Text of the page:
By: Abbas Nasir
WHO knows what a failed state is? Such definitions are for the academics and experts. But what one can easily ascertain is a state that is dysfunctional.
For what would you call a state that has neither the power to generate resources and tax those who need to be taxed, nor the system or even the need to ensure that it accounts for what it spends? It can keep piling up a huge deficit without question and have nothing to show for it.
What would you call a state that cannot deliver the very least: the safety of life and limb to its citizens? Where if you particularly happened to be in the smaller provinces the only thing you could get by on is your faith. Yes, God remains the only recourse.
It has to be a dysfunctional state where those who call for their legitimate inalienable rights can be picked up in the dead of night and be found weeks or months later in a ditch with telltale signs of what happens if you take your fundamental rights too seriously; where in one part of the country police officers such as Malik Saad, Sifwat Ghayur and hundreds of nameless others whose sacrifices are as worthy as those named, write a final, valiant chapter in their blood.
At the same time an ‘anti-terror’ police boss in another part of the country cuts deals with sectarian murderers to leave his jurisdiction alone reportedly in exchange for safe passage for operations elsewhere and is rewarded with promotions. The sectarian groups are much stronger as a result.
Take Benazir Bhutto, Salmaan Taseer, Shahbaz Bhatti and more recently Bashir Bilour. All these politicians stood like a rock in defying the terrorists, bigots and intolerant ideologies — until they were cut down by the terrorists.
Have you ever seen a person with greater courage than that Pakhtunkhwa minister Mian Iftikhar whose son was mowed down in a hail of Taliban bullets? Neither his grief nor personal loss forced him to bend his resolve.
These are high-profile figures. Can we look at those they left behind in the eye and assure them that the sacrifices of their loved ones were not in vain? Go ahead if you can but I, for one, will be too ashamed to even contemplate doing any such thing.
Is there a point in trying to remember Asiya Bibi? Well done, we can say to ourselves for at least we recall her name.
Do we recall a single name of the many, many Christians who died when their entire neighbourhood was torched in that Punjab village? Gojra, was it?
Surely, we have expressed such outrage over the mass murder of Shia-Hazaras in recent days that we’d be able to think of the victims in terms other than mere statistics. But we can’t. If it was 200 Shia Hazaras killed last year, a greater number has fallen in the first two months of 2013 alone.
We are not supposed to have photographic memories so how can we name a single Hindu woman converted forcibly to Islam. Of course, if (yes, if) the state was not dysfunctional such incidents would be the exception, not the norm. We’d remember the one or two victims.
Now that the state has stood by, paralysed by fear or expediency, we have let armed zealots show all minorities their place. Christians and Hindus couldn’t be more marginalised. The Ahmadi community has been taught how safe it is for them to bow before their God in their place of worship.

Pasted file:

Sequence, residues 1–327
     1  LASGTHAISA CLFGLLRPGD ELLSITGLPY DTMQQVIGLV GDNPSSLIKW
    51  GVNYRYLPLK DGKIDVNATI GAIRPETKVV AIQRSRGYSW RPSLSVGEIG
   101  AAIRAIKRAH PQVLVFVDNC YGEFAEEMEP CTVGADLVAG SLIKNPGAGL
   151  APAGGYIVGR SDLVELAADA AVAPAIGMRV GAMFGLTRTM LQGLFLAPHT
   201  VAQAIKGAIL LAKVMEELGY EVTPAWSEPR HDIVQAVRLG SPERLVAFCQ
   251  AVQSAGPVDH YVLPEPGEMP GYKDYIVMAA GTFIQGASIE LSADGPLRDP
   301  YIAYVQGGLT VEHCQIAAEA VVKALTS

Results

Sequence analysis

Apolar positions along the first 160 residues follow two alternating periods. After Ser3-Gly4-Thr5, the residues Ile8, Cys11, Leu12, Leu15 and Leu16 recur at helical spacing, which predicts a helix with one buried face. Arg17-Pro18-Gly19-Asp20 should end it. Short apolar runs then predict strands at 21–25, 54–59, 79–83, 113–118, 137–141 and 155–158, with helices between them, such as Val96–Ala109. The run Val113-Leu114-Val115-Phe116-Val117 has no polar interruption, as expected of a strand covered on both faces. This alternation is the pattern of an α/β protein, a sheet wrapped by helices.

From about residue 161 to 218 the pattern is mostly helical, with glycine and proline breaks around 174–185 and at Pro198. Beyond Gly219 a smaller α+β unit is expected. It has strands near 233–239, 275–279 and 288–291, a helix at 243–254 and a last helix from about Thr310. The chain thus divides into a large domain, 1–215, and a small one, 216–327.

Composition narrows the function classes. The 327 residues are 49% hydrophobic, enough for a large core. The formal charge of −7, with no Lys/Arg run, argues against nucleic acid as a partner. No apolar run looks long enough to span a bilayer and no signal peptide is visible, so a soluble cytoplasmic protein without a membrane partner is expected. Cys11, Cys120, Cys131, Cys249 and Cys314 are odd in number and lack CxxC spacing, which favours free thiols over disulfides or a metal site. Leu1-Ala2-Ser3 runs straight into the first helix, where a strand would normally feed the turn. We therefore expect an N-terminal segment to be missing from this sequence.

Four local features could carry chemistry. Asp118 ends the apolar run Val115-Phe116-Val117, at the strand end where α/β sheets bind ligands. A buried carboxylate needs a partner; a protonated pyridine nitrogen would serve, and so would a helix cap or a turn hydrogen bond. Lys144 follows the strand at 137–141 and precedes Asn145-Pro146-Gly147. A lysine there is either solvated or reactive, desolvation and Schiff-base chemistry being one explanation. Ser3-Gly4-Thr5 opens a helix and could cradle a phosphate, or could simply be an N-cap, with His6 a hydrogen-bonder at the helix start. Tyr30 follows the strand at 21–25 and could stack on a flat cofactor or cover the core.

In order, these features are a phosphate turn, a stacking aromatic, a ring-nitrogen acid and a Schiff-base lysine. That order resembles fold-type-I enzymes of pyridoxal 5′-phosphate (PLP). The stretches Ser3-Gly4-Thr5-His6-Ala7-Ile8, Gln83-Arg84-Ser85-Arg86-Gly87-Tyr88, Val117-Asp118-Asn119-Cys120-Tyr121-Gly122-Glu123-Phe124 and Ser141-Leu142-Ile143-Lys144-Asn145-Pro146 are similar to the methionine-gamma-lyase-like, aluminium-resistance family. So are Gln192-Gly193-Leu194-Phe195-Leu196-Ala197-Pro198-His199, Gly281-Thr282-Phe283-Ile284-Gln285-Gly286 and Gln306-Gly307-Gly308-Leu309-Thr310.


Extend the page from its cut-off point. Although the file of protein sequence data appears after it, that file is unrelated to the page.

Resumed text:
Yes, now it is the turn of the ‘minority’ Muslim sect, the Shias, they consider an ‘arrogant’ lot who openly exercise their religious freedom. This too must end. Bomb their congregations; shoot their community notables and who knows they’ll also be subdued into abandoning their faith.
What next? Oh yes plenty left. There are many whose Islamic rituals and practices differ from ours. And religion must not have room for diversity. We must find and exterminate all who don’t agree with what we believe Islam to be.
Next it’ll be women. Lock them up for they aren’t equal citizens of the country; shameless that we have women working side by side with men in most urban centres. They even go to schools, colleges and universities and aspire for careers! Do they think they live in the 21st century?
Surely, they don’t. We’ll make them see their reality. What else will be our fate when we await an ever-elusive consensus while an existential threat snowballs? You and I can simmer and explode all we want.
The vision and the wisdom of the decision-makers can hardly be expected to deliver in such ‘unimportant’ areas. When the Kerry-Lugar legislation was passed, nobody needed a consensus to oppose the principle of civilian supremacy in matters of the state.
When memogate surfaced whatever its merits, extremely dodgy to the naked eye, neither the politicians nor the defenders of our territorial and ideological frontiers needed a consensus. And the courts to this day believe none is needed. Those were bigger threats to our integrity.
We have lost more of our brave sons, soldiers including officers of both regular and paramilitary forces, over the past five years than perhaps in any war that we have fought. And yet we await a consensus to establish whether the state or armed terrorists will rule over swathes of our territory.
An elected government came into being five years ago. It says its unprecedented achievement is completing its term; its unparalleled legislative record which will provide the glue to hold the federation together. All we can count is our dead. Men, women and children.
Now we are told a huge percentage of new young voters have been added to the electoral rolls. Youth represent a hope for tomorrow. Let’s hope that over the next five years we have to count fewer dead. Anything more will be too ambitious an ask.
The writer is a former editor of Dawn.